What to wear
Most stables will have a welcome email or packet that outlines everything you should do to be fully prepared and comfortable for your first day of horseback riding, including what clothes and shoes to wear. It's not necessary to buy special clothes, but wear comfortable clothing that allows for movement. Wear long pants, as your legs will be in contact with the horse and saddle while you're mounted. Staci Graham, owner and trainer of Horizon Arabians in Dixon, California, recommends wearing a closed-toe shoe with a small heel, such as a boot or walking shoe. The small heel helps your foot can stay more securely in the stirrup; don't wear high heels. If you don't have any practical, safe shoes with a small heel, a sneaker should be fine. Just don't wear open-toe shoes. Wear your sunscreen and sunglasses if you'll be outside. Most stables will provide a helmet, but double-check whether you should bring your own.
How to find horseback riding lessons
If you are ready to take horseback riding lessons, Staci Graham of Horizon Arabians has some suggestions for how to find the right stable:
- Look for a stable that offers the style of riding (Western or English) that you want to learn. If you're undecided, find a stable that offers lessons in both styles.
- Research the stable both online and in person. Graham says you'll want to see what their setup is like and how they operate their stables before committing to working with an instructor. Obvious red flags are poorly maintained facilities or animals that do not seem well cared for.
- Meet the instructor you will be working with before committing to ongoing lessons or buying a package. A great way to do this is by taking an intro lesson. You'll have a chance to experience their teaching style and become familiar with their personality.
- Find an instructor who can help you reach your goals. If you just want to become comfortable riding a horse and learning general horseback riding skills, you can likely find a great instructor at almost any stable. If you want to eventually compete in barrel racing or show in dressage, do your research and find an instructor who excels at teaching in your area of interest.
English vs. Western riding
There are two main styles of horseback riding lessons that you can take, Western and English. There are a few major differences; English-style saddles are smaller and do not have a horn. Western saddles are larger with more components, including a horn, which is directly related to cattle roping often associated with Western-style riding. Different competitive sports are associated with the different riding styles. Western-style riding is typically associated with barrel racing and roping, while English-style riding is often associated with dressage and jumping. Many stables offer lessons in both styles.
If you are an adult learning to ride, you may not know which style you'd like to learn just by reading about them. In fact, some pros, such as Staci Graham of Horizon Arabians, recommend that undecided students find a stable that can teach you about both English and Western riding. According to Graham, some students may take up to a year to make a choice while they master the basics of riding. Graham explains that it's often easier for kids to get the hang of horseback riding and let go of fears, whereas many adults take a few more lessons to settle into and trust the experience of riding on such a large animal.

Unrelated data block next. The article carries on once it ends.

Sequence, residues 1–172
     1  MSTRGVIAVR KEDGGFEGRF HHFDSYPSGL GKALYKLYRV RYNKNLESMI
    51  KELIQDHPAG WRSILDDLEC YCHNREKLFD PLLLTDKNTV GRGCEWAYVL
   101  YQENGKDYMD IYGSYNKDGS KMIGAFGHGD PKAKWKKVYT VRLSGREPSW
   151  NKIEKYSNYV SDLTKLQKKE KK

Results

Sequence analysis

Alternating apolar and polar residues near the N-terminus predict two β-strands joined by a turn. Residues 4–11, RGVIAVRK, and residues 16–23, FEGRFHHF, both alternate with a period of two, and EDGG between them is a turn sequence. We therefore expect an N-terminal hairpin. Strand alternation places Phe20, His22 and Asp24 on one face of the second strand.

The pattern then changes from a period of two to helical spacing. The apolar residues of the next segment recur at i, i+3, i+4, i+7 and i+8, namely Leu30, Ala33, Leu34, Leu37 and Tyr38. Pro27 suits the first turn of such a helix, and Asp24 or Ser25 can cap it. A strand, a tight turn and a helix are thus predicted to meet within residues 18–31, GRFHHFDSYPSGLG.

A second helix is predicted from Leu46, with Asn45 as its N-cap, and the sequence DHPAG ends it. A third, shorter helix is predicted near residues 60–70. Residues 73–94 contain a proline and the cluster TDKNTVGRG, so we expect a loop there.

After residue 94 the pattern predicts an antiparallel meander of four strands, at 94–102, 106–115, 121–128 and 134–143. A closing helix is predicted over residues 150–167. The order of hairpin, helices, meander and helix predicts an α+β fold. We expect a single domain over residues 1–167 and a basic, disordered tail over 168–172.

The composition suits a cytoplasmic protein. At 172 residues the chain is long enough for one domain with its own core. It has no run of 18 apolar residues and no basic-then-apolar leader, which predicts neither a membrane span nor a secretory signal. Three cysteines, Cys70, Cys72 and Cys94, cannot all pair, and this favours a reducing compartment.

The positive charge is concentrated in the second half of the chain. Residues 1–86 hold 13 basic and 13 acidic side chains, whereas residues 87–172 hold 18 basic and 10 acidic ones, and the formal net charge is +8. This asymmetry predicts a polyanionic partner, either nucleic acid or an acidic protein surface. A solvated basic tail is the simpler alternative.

Horseback riding is a lifelong passion for many people. There are many physical and emotional benefits of spending time with horses, but it can be an expensive hobby. If you decide that you want to move beyond taking lessons to owning a horse, you can start out part-time and ease into ownership. Some stables offer horse leasing for students who are considering purchasing a horse. For example, Debut Arabians has a program that allows riders to lease a stable horse for either $250 (part-time) or $500 (full access) per month; the stable boards and cares for the horse, but the riders can ride whenever they like.
Working with horses is not only fun physical fitness, it also has proven therapeutic results. If you have stress, anxiety disorder, post-traumatic stress disorder (PTSD) or substance abuse concerns, there is proven evidence that horse-assisted therapy can help. If you are seeking horseback riding for therapeutic reasons, it is imperative that you work with your health care providers as you plan where, how and how often to ride. One study of youth with substance abuse issues found that horse-assisted therapy improved their participation in, time in and completion of substance abuse treatment. The therapeutic value of horseback riding has led to the creation of programs to treat PTSD in veterans. The U.S. Department of Veterans Affairs offers various equestrian programs to help veterans who struggle with anxiety, PTSD and the transition back into civilian life.
- Read client reviews and follow up with references to make sure you're choosing the right instructor for you or your child. For more, check out our tips for smart hiring.